Did you know that you can run a Safety Check in Chrome to find potentially harmful extensions, compromised passwords, and more? Here’s how.
No matter what we do to protect ourselves when we’re using the internet, it can almost feel like it’s not enough. Luckily, web browsers like Google Chrome take action to help users feel a bit safer.
While not technically a “new” feature, the Safety Check in Chrome is something you might not know exists. Find out if you have potentially harmful extensions installed if you remembered to enable Safe Browsing, and more.
If Chrome is your browser of choice, it’s good to take advantage of the tools Google provides for safer browsing. Here’s how to perform a Safety Check in Chrome with this built-in feature.
How to Perform a Safety Check in Chrome
The Safety Check feature in Chrome is a great way to look for dangers as you use your favorite browser. Open Chrome and follow these steps to get started.
- Click the Customize and Control button (three dots) on the top right.
- Select Settings.
- On the left side, pick Safety Check.
- At the top you’ll see the Safety Check box, click Check now.
As the check runs, you’ll start to see icons display for the items it reviews. When the Safety Check completes, you’ll see the final results.
Now that you know how to run the Safety Check, let’s dig into a bit of detail on each item in those results.
Updates will check to see if the version of Google Chrome you’re using is up to date. It’s a handy way to make sure you’re using the latest version which can include important security updates.
If Chrome does update for you, you’ll see a Relaunch button next to Updates when it finishes. Hit Relaunch to restart Chrome and complete the update process.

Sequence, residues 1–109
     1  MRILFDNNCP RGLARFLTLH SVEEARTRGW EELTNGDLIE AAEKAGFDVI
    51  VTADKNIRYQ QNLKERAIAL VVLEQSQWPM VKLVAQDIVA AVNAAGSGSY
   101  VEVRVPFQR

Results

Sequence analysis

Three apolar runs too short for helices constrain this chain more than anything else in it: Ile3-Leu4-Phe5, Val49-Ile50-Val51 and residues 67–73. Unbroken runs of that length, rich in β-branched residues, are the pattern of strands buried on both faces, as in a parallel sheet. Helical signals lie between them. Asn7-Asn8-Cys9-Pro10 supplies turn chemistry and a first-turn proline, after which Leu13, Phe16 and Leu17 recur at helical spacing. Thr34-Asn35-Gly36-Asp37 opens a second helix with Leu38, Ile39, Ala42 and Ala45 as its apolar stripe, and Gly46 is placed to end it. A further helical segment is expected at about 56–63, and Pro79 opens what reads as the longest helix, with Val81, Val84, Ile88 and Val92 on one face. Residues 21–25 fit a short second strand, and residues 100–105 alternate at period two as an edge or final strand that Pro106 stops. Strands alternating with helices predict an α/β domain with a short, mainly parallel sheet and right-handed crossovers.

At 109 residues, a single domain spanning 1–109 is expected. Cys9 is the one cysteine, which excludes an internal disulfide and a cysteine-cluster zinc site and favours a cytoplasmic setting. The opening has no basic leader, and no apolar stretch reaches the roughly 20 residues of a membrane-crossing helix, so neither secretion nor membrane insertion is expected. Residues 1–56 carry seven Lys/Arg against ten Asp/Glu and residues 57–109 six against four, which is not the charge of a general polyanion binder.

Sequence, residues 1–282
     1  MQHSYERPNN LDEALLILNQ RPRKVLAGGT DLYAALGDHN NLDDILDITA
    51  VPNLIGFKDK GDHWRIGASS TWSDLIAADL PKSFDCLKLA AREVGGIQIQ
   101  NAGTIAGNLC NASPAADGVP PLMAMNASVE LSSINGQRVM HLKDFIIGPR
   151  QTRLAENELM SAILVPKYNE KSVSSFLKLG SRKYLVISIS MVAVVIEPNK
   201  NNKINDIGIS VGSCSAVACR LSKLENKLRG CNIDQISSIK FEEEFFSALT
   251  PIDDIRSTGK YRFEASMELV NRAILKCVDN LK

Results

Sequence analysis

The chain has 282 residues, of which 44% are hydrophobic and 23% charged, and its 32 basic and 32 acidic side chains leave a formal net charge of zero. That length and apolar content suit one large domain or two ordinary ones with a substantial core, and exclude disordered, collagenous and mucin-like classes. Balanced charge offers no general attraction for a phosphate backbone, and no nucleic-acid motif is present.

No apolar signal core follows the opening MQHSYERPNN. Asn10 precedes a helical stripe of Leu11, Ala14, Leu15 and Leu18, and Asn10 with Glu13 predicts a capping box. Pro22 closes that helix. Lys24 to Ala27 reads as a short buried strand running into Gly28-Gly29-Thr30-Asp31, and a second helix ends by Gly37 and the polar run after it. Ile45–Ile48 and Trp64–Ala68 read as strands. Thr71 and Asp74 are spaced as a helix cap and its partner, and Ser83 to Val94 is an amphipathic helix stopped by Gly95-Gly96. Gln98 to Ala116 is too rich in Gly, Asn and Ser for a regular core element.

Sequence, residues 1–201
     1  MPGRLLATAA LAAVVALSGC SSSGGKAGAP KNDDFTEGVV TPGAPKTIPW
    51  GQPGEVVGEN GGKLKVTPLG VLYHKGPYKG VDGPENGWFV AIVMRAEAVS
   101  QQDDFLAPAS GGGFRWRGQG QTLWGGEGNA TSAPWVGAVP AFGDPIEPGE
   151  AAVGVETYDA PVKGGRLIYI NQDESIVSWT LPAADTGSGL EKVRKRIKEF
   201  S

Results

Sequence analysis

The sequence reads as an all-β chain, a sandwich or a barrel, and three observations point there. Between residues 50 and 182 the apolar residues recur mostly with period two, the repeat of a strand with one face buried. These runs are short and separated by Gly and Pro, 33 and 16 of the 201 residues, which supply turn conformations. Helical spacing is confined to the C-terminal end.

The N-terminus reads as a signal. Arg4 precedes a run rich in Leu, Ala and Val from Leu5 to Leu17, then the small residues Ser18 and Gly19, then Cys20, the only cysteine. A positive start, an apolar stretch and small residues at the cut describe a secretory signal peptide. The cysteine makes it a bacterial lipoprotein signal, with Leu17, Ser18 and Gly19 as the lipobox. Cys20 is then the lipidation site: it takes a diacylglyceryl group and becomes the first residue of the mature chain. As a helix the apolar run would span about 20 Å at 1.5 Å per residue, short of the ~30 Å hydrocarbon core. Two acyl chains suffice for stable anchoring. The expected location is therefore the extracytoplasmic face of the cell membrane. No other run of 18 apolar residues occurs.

The Passwords part of the check reviews passwords you’ve saved in Chrome to see if any have been compromised. This can happen when a data breach takes place. You’ll see the number of saved passwords you have that are involved.
Click Review to look over your list, make edits or head to the originating websites to change your passwords. Take a look at our full article on finding weak or compromised passwords in Chrome for complete details.
This checks to see if you have Safe Browsing (a Chrome security setting) turned on or off. If you use the feature, you’ll see which setting you have enabled as in the screenshot below.
You can get more information on the available Safe Browsing settings by clicking that option in the Safety Check results. Double-check that you’re using the setting that’s best for you or enables one if you have it turned off.
Safe Browsing in Chrome looks for things like unsafe websites, data breaches, and dangerous events.
The final item in the Safety Check reviews the extensions you have installed on Chrome for any that are potentially harmful. Similar to the Passwords check, you’ll see how many extensions this involves.
Click the Review button to take a look. You’ll see a warning below the name of any extension you should be aware of, for whatever reason.
You can turn off any extension by sliding its toggle to the left. But, if you want to go a step further and delete the extension, it takes only two clicks. Click Remove for that extension and then confirm by clicking Remove once more in the pop-up window.
Rerun the Safety Check
Depending on the items you take care of that are found in the Safety Check results, you may want to run another check. If you act right away, you can go back to the existing Safety Check and hit the Refresh icon to perform another.
Otherwise, simply follow the same steps at the beginning of this how-to to run the check again.
Be a Safe Browser, Perform a Regular Safety Check in Chrome
With this built-in Chrome tool to keep you safer when you’re working or playing online, there’s no reason not to do a check regularly. Will you?
For more on this topic, take a look at how to block websites in Chrome, protect your Windows computer from ransomware or clear your Chrome browser cookies each time you close your browser.